mummer

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English[edit]

Mummer in a parade

Etymology[edit]

From Middle English mummer, mommer, equivalent to mum +‎ -er, perhaps conflating with Old French momeor (jester, entertainer), from mommer (to wear a mask), from momon (mask). Compare German Mumme (mask), 16th Century German mummen (to disguise oneself), Middle Dutch mommen, mummen (to go about in a mask, to disguise), Middle Low Saxon mommen (to wear a mask, to disguise), Dutch mom (mask) and mimmen (to mask) as well as Spanish momo (grimace).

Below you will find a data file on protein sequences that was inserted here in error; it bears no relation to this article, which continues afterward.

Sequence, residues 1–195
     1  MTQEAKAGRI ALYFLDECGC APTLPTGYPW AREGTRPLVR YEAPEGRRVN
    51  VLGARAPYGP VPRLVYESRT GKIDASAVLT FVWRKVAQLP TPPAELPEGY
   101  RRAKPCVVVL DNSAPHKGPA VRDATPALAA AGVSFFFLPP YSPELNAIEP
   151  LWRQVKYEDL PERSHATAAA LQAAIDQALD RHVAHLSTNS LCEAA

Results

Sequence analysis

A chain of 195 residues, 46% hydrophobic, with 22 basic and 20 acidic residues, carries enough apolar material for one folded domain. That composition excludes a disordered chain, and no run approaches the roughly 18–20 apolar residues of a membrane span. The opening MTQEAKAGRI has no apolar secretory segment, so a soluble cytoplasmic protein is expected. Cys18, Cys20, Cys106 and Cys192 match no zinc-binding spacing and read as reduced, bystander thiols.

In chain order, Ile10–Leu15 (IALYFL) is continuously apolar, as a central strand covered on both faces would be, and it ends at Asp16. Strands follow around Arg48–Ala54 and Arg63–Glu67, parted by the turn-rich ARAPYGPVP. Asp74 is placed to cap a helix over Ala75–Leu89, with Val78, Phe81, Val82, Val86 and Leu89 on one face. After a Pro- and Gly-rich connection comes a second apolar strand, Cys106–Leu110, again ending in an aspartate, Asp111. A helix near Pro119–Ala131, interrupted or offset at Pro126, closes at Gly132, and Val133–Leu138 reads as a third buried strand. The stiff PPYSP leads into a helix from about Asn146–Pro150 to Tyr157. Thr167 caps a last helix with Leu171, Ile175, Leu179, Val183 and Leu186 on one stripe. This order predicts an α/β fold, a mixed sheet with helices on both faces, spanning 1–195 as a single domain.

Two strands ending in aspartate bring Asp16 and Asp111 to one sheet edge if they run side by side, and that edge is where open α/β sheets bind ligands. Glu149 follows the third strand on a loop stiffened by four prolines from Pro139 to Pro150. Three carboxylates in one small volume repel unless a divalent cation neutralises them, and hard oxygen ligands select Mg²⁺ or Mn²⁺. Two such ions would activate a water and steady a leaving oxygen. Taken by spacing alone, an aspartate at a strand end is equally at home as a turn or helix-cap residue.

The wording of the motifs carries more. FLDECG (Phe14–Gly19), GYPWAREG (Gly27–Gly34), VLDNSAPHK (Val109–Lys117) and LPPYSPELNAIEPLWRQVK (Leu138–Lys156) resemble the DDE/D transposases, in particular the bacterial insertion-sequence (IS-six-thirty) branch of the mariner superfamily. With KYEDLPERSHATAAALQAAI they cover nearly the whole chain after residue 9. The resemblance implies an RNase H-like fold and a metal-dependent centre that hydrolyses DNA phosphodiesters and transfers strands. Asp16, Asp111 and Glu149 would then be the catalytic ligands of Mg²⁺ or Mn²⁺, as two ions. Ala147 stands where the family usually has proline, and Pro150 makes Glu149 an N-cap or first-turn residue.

Perhaps both of the conflated terms are from the same ultimate root, as note Middle Low Saxon mummen (to speak indistinctly, to disguise oneself), Dutch mommen (to speak indistinctly), German mummen (to speak indistinctly), English mump (to grimace, mumble).

Pronunciation[edit]

Noun[edit]

mummer (plural mummers)

  1. A person who dons a disguising costume, as for a parade or a festival.
  2. An actor in a pantomime; one who communicates entirely through gesture and facial expression.
    • 1883, Fielde, Adele Marion, “ ()”, in A Pronouncing and Defining Dictionary of the Swatow Dialect, Arranged According to Syllables and Tones, Shanghai: American Presbyterian Mission Press, page 16:
      [To] perform as mummers, who act in relays of eight, at the worship of ancestors.

Synonyms[edit]

  • (actor in a pantomime): mime

Related terms[edit]

Translations[edit]